It's time we reimagined what Australian made could look like because Australia's future success will not come from the same industries that made us successful in the past, Microsoft Australia, Managing Director, Pip Marlow told a CEDA audience in Adelaide.
"The marketplace has changed. What got us there 50 years ago wouldn't have got us where we are today and I predict it will not get us where we need to be in 50 years' time," she said.
"Things aren't in dire straits here, things are quite good, very liveable but that might not be the case in 50 years' time.
"I think we've got to have a plan because sometimes, just like at Microsoft, what got us here, won't get us there and sometimes we've got to walk away from the things that we've created, to create the next generation of what we might look like in our own company. And I think that applies definitely as a country as well.
"We live in an economy actually where 85 per cent of our GDP comes from services, it's not from manufacturing and mining yet so much of our conversation is around the other 15 per cent.
"We don't have a shortage of people, I think we have a shortage of people doing the things that can really differentiate the future for Australia."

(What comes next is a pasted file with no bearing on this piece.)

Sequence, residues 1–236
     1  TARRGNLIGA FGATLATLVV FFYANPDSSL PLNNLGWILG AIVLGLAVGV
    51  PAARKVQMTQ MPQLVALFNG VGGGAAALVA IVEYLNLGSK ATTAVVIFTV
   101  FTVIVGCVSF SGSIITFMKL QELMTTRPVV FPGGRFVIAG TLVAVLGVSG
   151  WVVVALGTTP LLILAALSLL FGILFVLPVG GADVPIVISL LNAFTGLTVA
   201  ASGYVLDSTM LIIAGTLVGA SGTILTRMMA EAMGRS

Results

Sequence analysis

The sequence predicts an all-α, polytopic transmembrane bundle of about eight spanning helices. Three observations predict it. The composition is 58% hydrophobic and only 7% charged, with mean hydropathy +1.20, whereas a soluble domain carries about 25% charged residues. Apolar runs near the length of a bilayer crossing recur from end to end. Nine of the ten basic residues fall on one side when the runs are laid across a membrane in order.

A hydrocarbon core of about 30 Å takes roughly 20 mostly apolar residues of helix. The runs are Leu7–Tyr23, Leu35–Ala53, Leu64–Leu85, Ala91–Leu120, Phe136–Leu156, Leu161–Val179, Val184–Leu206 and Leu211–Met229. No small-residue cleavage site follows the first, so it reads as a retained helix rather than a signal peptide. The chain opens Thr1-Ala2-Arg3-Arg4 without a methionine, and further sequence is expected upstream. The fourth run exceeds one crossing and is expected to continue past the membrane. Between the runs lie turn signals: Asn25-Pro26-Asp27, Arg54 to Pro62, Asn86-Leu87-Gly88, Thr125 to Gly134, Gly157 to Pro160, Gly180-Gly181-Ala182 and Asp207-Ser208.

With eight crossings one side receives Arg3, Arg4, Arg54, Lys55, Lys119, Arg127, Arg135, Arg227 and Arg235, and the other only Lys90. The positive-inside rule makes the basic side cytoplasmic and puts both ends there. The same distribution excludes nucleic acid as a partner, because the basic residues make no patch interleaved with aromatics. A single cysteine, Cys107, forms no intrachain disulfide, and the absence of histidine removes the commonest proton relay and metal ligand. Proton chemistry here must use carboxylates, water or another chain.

Ms Marlow said the education sector is Australia's fourth largest export, with $14.9 billion worth of education exported each year.
"Education exports in this country are worth almost as much as all the gold we mine every year," she said.
"If you're already equal to the gold industry in this country, you've got to be doing something right.
"That's not to say that there won't be any manufacturing… I think there are areas of manufacturing and production that are going to be really important to us. But I think there's some rules we need to challenge ourselves on."
Ms Marlow spoke of Israel and Singapore which have placed people and innovation at the centre of their economy with great success.
"That's really what I think has made a huge difference for those economies, and I think it can certainly make a difference for our economy," she said.
Australia has the opportunity to think about how we embrace innovation, she said.
"The more we see Australia thinking about how we can embrace both a culture of innovation and the adoption of innovation, I think will poise us to be more competitive than ever. Not just now, but in 50 years' time," she said.
Ms Marlow said Australia is at a point of transformation and we need to be thinking and dialoguing in order to create a vision for Australia's future.
"It's not just up to the politicians and the business people of Australia to have a say in what Australia does and its future, I think it's all of our responsibility," she said.